It is important to have models where we can understand diseases and develop treatments. However, current developments of new medical devices, implants and tissue engineered constructs will remain equally important.
When it comes to biomaterials, what would you say are some of the biggest challenges researchers come up against within the industry, and how can these be overcome?
I think the biggest challenge is the translation of research itself. We expect researchers to have all the knowledge ranging from the doing fundamental research, to doing everything that is needed to turn such an innovation into a product. Nowadays, if I look at academia, we expect researchers to actually take the initiative to translate their research findings into something that is potentially clinically or commercially relevant. However, many of us academics, we do not have the important knowledge to do that. Many researchers simply do not have the time or skills to turn our research into business plans.
What I think is one of the biggest challenges is finding a liaison between research and people who are experts in making the research translate into something clinically applicable, or even a commercial product. This includes actively helping the scientists identify the potential ideas that can then be translated into clinical applications and helping them through the process of regulation and business plan development. I think that this is missing and that many scientists are struggling with this. Many of us working in this field do have the final aim of helping a patient, but it is difficult to go from a finding in the lab to something that is commercially viable; there is still insufficient support in this process in my opinion.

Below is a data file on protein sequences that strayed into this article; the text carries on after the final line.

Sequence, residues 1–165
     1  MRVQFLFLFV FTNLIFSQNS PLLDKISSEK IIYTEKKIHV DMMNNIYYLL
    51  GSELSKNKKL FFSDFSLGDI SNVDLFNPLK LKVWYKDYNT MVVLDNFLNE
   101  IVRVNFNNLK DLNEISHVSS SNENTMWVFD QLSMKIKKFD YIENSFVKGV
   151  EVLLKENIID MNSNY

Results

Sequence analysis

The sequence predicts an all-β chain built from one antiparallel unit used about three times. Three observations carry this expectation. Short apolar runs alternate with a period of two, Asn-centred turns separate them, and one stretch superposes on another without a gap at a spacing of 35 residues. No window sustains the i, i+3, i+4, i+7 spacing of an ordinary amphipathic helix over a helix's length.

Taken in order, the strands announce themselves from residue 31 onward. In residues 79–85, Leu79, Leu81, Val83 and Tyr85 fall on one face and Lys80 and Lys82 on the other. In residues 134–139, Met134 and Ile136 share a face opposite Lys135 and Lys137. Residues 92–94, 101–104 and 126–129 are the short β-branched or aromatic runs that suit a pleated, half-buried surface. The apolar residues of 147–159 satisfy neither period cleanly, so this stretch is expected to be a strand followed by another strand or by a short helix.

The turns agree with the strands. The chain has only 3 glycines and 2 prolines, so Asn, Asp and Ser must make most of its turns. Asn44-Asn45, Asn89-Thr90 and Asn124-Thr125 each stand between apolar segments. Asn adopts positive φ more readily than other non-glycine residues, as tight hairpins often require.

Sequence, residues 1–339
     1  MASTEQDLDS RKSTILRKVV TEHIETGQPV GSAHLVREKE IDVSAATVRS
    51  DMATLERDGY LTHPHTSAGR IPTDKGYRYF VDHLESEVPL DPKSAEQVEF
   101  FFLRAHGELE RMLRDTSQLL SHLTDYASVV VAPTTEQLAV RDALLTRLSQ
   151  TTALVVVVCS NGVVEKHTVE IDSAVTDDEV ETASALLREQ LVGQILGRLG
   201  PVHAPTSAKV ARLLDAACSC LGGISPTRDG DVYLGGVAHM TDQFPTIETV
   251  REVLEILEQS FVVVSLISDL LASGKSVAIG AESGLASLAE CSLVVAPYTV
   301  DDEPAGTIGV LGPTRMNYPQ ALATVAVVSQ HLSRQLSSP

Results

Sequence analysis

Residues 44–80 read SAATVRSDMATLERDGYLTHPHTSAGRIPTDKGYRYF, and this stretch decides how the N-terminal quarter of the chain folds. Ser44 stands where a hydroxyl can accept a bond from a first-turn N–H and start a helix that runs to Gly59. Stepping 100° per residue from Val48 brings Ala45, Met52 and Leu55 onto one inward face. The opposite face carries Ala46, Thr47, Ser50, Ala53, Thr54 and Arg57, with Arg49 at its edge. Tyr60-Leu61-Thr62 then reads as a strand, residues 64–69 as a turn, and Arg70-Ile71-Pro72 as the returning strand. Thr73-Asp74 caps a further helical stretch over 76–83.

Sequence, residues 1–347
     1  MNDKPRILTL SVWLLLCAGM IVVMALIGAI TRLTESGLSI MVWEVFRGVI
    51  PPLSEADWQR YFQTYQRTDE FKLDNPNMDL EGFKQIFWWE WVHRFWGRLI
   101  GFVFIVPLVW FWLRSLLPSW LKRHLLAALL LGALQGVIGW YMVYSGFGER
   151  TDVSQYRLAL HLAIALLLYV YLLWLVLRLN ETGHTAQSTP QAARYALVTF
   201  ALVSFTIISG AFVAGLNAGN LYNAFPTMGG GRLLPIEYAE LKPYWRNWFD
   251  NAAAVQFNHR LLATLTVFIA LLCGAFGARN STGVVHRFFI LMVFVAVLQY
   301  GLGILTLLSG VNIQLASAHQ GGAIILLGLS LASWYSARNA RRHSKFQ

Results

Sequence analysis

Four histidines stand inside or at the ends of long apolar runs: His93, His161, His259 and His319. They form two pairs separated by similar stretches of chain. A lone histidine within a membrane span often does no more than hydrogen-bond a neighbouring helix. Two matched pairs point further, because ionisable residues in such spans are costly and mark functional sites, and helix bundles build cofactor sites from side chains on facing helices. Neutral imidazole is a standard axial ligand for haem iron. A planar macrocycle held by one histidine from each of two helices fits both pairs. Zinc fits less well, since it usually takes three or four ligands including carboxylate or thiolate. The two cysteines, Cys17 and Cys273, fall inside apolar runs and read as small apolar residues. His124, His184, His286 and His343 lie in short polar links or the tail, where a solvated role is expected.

In terms of biomaterial research, development and innovation in Europe, what more can be done? What role does ESB play in this?
What I consider important in this context is the fact that the field of biomaterials is insufficiently making use of many available technologies from other fields. For example, in terms of wearables for sports and/or monitoring our health, eventually this will start playing a more important role in medical devices and regenerative medicine as well. In order to do that, we really have to learn from other fields and integrate innovations from those fields into ours.
We have to make much more use of the fields of micro- and nanotechnology but also data science, for example. There is a lot of advanced engineering going on in other fields, but these haven’t yet reached our field. I think that what would be great is that if the ESB could play this role and actually monitor developments in other fields and try to bring these to our scientists and vice versa. I hope we will be able to play a more proactive role in this context in the future.
Where would you like to see biomaterials, and the ESB, in europe in five years’ time?
The ultimate aim of our field is to make patients quality of life better. I’m hoping that in five years from now, we will have even more therapies in which biomaterials play a role, which have reached the clinic and have actually helped patients. I also believe that without a very high end fundamental research, the innovation will stop so I’m also hoping that the field will continue to innovate (for example, by using tools from other fields), but there is also so much more unexplored in our field.
I’m hoping that in five years from now, there will be significant progress both in the translational side of the field as well as an fundamental side and that there will be enough funding for both because we really do need both to continue to innovate.
In terms of where the ESB will be in five years from now, I think we will still be there. We will be able to even more actively monitor, influence and support the developments in the field. I find monitoring what is happening in the world, and really making sure that we stay at the highest possible level as compared to the rest of the world imperative, and in addition to that, providing support to our scientists (especially our young scientists) in these development. That is really something that I hope we will be able to achieve and in five years from now be larger and more active than ever.